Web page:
Bilal Cooks Daal by Aisha Saeed; illustrated by Anoosha Syed (Illustrator is Pakistani-Canadian)
Six-year-old Bilal is excited to help his dad make his favorite food of all-time: daal! The slow-cooked lentil dish from South Asia requires lots of ingredients and a whole lot of waiting. Bilal wants to introduce his friends to daal. They’ve never tried it! As the day goes on, the daal continues to simmer, and more kids join Bilal and his family, waiting to try the tasty dish. And as time passes, Bilal begins to wonder: Will his friends like it as much as he does?
This debut picture book by Aisha Saeed, with charming illustrations by Anoosha Syed, uses food as a means of bringing a community together to share in each other’s family traditions.
Ojiichan’s gift by Chieri Uegaki; illustrated by Genevieve Simms
A heartwarming story about the relationship between a girl and her grandfather.
When Mayumi was born, her grandfather built her a garden. It had no flowers or vegetables in it. Instead, Ojiichan made it out of stones: “big ones, little ones, and ones in-between.” Every summer, Mayumi visits her grandfather in Japan, and they tend the garden together. Raking the gravel is her favorite part. But then one summer, everything changes. Ojiichan has grown too old to care for his home and the garden. He has to move. Can Mayumi find a way to keep the memory of their garden alive?
The Proudest Blue: A Story of Hijab and Family by Ibtihaj Muhammad; with S. K. Ali; art by Hatem Aly
(co-author S.K. Ali is Indian-Canadian)
A powerful, vibrantly illustrated story about the first day of school–and two sisters on one’s first day of hijab–by Olympic medalist and social justice activist Ibtihaj Muhammad.
With her new backpack and light-up shoes, Faizah knows the first day of school is going to be special. It’s the start of a brand new year and, best of all, it’s her older sister Asiya’s first day of hijab–a hijab of beautiful blue fabric, like the ocean waving to the sky. But not everyone sees hijab as beautiful, and in the face of hurtful, confusing words, Faizah will find new ways to be strong.
Paired with Hatem Aly’s beautiful, whimsical art, Olympic medalist Ibtihaj Muhammad and Morris Award finalist S.K. Ali bring readers an uplifting, universal story of new experiences, the unbreakable bond between siblings, and of being proud of who you are.
I Am Small by Qin Leng
With beautifully composed watercolor illustrations, Qin Leng recalls her own childhood in this story about a little girl who has always been the smallest: smallest of the family, smallest in school, smallest in a crowd. The girl faces her own set of challenges, but her loving parents and an unexpected visitor might change her perception for good.
A very big story about a very small girl. Mimi is so much littler than everyone, –I might as well be called Mini,” she says. Everyone is taller than her, even the family dog! Though there are advantages ã like fitting into the best hiding places ã to Mimi, being small is the worst. But then one day, a surprise shows up at home. A very little surprise. And Mimi begins to realize that being little is just a matter of perspective. The perfect book for any child trying to find their place in the world.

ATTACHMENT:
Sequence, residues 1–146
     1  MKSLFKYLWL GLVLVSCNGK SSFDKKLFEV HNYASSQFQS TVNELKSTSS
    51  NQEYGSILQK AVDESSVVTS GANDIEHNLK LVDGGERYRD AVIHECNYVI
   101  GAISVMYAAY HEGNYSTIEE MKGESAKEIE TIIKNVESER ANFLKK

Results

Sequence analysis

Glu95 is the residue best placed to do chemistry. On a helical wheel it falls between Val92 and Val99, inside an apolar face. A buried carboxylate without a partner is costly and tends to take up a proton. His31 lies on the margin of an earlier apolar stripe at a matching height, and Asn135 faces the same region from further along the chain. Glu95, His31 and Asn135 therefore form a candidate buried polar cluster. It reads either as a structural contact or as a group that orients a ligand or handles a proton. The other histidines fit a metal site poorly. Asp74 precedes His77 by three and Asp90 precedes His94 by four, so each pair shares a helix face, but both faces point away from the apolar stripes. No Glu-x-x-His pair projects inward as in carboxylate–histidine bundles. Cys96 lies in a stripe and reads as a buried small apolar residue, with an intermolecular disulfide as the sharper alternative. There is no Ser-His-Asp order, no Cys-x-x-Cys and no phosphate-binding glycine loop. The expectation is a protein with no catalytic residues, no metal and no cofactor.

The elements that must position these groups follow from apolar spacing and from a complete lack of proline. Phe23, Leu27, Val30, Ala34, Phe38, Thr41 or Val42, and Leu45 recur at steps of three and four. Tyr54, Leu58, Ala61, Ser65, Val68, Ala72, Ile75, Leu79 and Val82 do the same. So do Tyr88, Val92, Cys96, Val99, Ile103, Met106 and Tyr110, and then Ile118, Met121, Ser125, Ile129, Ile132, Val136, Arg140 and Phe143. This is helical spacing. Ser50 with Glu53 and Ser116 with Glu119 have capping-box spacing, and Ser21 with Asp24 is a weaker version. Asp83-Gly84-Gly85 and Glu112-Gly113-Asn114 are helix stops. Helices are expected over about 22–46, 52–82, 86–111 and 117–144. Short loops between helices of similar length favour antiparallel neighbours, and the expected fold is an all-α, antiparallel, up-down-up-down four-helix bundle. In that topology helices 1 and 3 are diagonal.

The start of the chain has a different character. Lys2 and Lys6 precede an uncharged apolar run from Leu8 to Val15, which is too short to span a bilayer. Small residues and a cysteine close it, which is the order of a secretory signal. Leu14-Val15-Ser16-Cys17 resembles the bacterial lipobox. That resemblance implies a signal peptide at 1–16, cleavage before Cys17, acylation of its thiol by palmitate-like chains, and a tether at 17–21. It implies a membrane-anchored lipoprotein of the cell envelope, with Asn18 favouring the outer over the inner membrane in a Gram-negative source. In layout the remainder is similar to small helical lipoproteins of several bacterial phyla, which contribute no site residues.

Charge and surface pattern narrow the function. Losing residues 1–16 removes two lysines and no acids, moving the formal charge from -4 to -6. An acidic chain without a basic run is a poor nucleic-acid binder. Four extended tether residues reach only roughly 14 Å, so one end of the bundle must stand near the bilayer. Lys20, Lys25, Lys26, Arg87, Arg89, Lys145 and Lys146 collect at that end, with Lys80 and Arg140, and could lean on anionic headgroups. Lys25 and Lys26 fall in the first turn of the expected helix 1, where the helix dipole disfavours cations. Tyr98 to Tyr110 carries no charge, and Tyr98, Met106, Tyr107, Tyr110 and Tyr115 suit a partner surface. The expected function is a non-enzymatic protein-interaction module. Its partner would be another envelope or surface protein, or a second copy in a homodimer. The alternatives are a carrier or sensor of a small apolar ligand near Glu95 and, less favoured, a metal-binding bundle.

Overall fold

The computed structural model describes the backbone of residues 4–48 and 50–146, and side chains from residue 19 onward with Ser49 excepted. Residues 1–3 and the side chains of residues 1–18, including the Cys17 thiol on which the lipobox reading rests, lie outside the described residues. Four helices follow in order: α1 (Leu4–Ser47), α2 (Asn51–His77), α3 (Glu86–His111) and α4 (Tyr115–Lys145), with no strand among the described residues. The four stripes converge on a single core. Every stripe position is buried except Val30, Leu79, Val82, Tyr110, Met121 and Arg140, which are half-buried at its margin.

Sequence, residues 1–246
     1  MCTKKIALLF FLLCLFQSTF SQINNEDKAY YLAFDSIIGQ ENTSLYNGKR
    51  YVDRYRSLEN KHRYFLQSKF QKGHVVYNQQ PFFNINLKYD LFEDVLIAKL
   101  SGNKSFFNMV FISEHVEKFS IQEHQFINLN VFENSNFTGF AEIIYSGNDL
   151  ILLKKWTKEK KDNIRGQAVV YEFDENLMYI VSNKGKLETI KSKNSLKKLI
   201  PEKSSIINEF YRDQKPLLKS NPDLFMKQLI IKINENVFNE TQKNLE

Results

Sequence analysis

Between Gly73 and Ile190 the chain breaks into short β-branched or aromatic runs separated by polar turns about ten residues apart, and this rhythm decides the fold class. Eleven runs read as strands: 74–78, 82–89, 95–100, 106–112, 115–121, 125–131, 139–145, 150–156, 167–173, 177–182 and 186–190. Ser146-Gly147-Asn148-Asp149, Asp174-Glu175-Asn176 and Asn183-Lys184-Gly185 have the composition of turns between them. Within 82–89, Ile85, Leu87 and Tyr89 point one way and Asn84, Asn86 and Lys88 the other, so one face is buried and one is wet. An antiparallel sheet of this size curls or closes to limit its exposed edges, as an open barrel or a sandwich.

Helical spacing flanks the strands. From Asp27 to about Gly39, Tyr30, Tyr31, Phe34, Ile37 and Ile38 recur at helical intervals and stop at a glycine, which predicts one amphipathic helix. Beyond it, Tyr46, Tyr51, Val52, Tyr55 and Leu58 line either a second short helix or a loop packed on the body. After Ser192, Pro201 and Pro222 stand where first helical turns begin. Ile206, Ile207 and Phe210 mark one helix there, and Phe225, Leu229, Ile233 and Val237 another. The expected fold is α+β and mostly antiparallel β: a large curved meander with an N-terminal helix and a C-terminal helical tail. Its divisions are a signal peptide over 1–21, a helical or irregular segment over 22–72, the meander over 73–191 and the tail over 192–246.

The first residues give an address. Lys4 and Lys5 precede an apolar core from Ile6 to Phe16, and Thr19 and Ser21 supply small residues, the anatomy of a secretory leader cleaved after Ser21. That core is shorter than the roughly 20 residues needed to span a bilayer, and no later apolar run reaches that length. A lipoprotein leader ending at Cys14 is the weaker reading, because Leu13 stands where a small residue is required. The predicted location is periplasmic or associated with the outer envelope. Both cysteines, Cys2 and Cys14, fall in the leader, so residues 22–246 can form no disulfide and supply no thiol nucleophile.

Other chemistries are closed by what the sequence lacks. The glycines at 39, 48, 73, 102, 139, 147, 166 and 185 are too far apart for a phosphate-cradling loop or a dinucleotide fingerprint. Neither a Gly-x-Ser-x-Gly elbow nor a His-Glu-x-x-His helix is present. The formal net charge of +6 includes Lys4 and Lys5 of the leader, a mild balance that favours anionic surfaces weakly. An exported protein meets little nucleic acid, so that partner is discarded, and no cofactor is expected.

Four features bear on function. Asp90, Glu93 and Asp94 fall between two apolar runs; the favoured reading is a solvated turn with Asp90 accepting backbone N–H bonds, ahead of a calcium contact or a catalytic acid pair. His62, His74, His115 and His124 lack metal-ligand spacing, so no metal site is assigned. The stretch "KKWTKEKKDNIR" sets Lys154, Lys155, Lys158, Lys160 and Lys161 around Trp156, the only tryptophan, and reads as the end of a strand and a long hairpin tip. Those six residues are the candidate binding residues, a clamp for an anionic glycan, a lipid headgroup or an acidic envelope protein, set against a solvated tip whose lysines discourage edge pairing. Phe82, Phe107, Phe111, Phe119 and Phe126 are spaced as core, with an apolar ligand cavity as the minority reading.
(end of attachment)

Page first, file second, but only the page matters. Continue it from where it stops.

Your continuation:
Salma the Syrian chef story by Danny Ramadan; art by Anna Bron
Newcomer Salma and friends cook up a heartwarming dish to cheer up Mama. All Salma wants is to make her mama smile again. Between English classes, job interviews, and missing Papa back in Syria, Mama always seems busy or sad. A homemade Syrian meal might cheer her up, but Salma doesn’t know the recipe, or what to call the vegetables in English, or where to find the right spices! Luckily, the staff and other newcomers at the Welcome Center are happy to lend a hand–and a sprinkle of sumac. With creativity, determination, and charm, Salma brings her new friends together to show Mama that even though things aren’t perfect, there is cause for hope and celebration.
Syrian culture is beautifully represented through the meal Salma prepares and Anna Bron’s vibrant illustrations, while the diverse cast of characters speaks to the power of cultivating community in challenging circumstances.
They say blue by Jillian Tamaki
In captivating paintings full of movement and transformation, Tamaki follows a young girl through a year or a day as she examines the colors in the world around her. Egg yolks are sunny orange as expected, yet water cupped in her hands isn’t blue like they say. But maybe a blue whale is blue. She doesn’t know, she hasn’t seen one. Playful and philosophical, They Say Blue is a book about color as well as perspective, about the things we can see and the things we can only wonder at.
This first picture book from celebrated illustrator Jillian Tamaki will find equal appreciation among kids and collectors.
Mooncakes by Loretta Seto; illustrated by Renné Benoit
Mooncakes is the lyrical story of a young girl who shares the special celebration of the Chinese Moon Festival with her parents. As they eat mooncakes, drink tea and watch the night sky together, Mama and Baba tell ancient tales of a magical tree that can never be cut down, the Jade Rabbit who came to live on the moon and one brave woman’s journey to eternal life. With a gentle focus on the importance of family, Mooncakes is a perfect book for parent and child to read together, while its educational aspect makes it ideal for school libraries that wish to provide an insight into a unique cultural holiday.